#3 Turn OFF long exposure noise reduction. This setting, while it does a really good job of noise reduction, adds an extra complication you don’t need when doing photography of fireworks. The way it works is that if you take say a 10 second exposure, it takes a second one of equal length but just black (the shutter doesn’t open). Then it merges the two together and blends the blank one into the shadow areas of the first one which is where noise typically shows the most. The problem is that fireworks happen so fast you don’t want to have to wait 10 seconds to be able to see your image, make any adjustments and shoot again. I did this once my accident and it was very frustrating and I missed most of the show and did not get the results I wanted because I couldn’t review and correct.


#4 Do NOT use live view if your camera has it. This will eat up your battery really fast. Live view is really for shooting video and using the display screen so much uses a lot of power, as does making long exposures. Save your battery for actually shooting and set up your shot using the eyecup viewfinder.


#5 Set your camera on Manual for exposure and set your aperture to f 5.6 or f 8. Those apertures are pretty optimal for fireworks as the light streaks are controlled by the size of the aperture. Closing down more will make the light trails thinner, opening up more will make them wider and possibly too over exposed.


#6 Set your shutter speed to between two and ten seconds. Do a test shot before the show starts and see if the sky is too dark or too bright and adjust the exposure time accordingly. As long as you’re under 30 seconds you can let the camera time the shots for you. Or you can switch to Bulb and just open and close manually when you feel you’ve captured enough bursts in one image.


#7 Focus your lens ahead of time, and then turn off AF otherwise the camera will keep trying to refocus every shot and you may end up with missed images or blurry fireworks if the camera misses. Assuming you’re a fair distance away from the fireworks you shouldn’t have to refocus at all unless you change your angle of view or want to focus somewhere else, like the people in front of you.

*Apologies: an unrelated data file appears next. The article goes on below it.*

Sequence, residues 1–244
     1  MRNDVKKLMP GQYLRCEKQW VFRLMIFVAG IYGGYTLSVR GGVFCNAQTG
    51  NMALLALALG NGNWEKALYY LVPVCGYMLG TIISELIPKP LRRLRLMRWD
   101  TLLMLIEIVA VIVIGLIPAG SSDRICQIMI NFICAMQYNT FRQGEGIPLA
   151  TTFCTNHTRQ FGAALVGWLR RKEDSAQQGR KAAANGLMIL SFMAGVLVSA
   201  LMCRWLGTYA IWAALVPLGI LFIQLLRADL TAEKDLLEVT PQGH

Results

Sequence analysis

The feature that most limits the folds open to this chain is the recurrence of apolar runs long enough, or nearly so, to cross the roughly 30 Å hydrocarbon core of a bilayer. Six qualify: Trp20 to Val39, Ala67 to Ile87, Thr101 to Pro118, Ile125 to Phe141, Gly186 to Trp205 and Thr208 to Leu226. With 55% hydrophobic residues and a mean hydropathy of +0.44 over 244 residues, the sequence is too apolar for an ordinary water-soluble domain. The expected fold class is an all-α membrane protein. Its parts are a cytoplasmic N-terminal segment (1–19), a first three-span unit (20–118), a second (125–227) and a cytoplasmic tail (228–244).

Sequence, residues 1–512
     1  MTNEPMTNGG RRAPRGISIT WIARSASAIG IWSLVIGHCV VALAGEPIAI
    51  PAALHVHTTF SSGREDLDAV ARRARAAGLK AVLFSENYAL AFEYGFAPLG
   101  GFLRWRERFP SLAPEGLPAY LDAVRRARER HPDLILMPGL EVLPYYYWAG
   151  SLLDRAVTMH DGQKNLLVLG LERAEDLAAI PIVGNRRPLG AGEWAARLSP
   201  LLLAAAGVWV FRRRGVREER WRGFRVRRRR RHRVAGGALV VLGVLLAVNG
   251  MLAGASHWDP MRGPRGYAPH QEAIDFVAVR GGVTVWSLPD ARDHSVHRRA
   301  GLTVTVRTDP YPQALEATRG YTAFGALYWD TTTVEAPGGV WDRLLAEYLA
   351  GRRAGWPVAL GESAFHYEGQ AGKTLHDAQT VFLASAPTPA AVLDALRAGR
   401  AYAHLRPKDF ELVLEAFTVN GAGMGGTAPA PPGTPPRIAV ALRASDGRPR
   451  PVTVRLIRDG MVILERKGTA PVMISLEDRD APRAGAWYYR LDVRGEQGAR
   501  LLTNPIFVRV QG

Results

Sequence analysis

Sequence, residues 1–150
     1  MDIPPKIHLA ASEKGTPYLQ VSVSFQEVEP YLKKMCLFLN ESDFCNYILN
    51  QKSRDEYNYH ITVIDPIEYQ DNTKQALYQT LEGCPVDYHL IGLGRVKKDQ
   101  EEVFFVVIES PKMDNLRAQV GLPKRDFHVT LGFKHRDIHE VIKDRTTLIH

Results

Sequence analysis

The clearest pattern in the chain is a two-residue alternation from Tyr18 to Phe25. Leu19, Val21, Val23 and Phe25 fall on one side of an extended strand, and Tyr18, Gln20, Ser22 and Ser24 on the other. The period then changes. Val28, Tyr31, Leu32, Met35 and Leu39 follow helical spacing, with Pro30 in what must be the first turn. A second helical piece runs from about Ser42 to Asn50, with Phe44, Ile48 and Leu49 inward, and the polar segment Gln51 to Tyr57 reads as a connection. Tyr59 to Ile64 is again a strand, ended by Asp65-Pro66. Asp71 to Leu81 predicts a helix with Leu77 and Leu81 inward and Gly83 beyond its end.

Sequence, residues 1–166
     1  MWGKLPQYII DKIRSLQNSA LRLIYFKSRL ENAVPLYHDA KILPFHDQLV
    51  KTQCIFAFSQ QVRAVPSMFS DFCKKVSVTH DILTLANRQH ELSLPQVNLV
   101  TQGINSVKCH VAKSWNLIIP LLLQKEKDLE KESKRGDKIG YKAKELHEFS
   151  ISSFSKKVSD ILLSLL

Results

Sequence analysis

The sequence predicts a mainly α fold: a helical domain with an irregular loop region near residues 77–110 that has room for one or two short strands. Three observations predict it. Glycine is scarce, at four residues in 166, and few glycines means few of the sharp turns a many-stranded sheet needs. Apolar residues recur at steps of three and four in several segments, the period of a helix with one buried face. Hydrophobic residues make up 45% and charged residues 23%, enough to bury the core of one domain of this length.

#8 Use a neutral density filter to get a longer exposure if need be. If it’s not 100% dark out yet it (the sky still has some light) this will allow you to get a longer exposure and make sure the fireworks bursts have a nice arch. If your exposure is too short you’ll end up with short stubby looking bursts, not the nice umbrella shaped ones. If yours are too short, just make the exposure time longer. If you are getting too many bursts in one shot and it’s coming out over exposed, shorten the exposure time. Using the ND filter if it IS dark will also allow you to shoot longer exposures and capture more bursts per image. Play with that and try it with and without the filter if you have one. A polarizing filter will work to a lesser degree also.


#9 Shoot most of your shots at the start of the show to avoid the smoke/haze that appears a bit later. Eventually the sky will be filled with smoke and it’s not as pretty looking.


#10 Scout your location ahead of time and get there early to get a good spot, think about background (what’s behind the show) and if you want the people around and in front of you as part of the shot. In general the good viewing areas fill up sometimes 1-2 hours prior to the fireworks show. If you want a good spot with enough room for you and your tripod, go early and take a good book or something to entertain you while you wait.